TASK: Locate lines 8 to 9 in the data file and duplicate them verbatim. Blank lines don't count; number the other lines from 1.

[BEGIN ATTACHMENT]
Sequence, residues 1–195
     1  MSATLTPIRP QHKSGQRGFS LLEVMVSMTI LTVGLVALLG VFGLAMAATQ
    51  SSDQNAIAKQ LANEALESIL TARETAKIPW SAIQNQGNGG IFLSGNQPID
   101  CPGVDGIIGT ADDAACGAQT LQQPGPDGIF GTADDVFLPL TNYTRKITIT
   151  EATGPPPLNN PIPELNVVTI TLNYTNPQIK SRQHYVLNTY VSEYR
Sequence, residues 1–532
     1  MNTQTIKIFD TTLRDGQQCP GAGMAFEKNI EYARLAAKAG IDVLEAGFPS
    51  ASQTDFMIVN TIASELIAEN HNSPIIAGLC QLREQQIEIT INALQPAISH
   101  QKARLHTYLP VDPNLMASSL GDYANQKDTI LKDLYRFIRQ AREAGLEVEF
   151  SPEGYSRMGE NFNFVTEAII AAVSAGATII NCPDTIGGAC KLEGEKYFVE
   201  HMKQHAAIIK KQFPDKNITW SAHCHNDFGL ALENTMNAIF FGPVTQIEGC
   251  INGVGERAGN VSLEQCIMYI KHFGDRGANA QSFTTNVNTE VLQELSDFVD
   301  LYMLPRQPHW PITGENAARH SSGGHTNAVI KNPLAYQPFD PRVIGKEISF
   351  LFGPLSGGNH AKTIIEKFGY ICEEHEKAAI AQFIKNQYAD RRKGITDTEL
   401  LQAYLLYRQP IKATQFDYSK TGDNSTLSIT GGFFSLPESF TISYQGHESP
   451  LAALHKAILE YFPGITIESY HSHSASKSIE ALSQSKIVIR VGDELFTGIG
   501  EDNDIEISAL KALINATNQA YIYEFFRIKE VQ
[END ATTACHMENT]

    51  ASQTDFMIVN TIASELIAEN HNSPIIAGLC QLREQQIEIT INALQPAISH
   101  QKARLHTYLP VDPNLMASSL GDYANQKDTI LKDLYRFIRQ AREAGLEVEF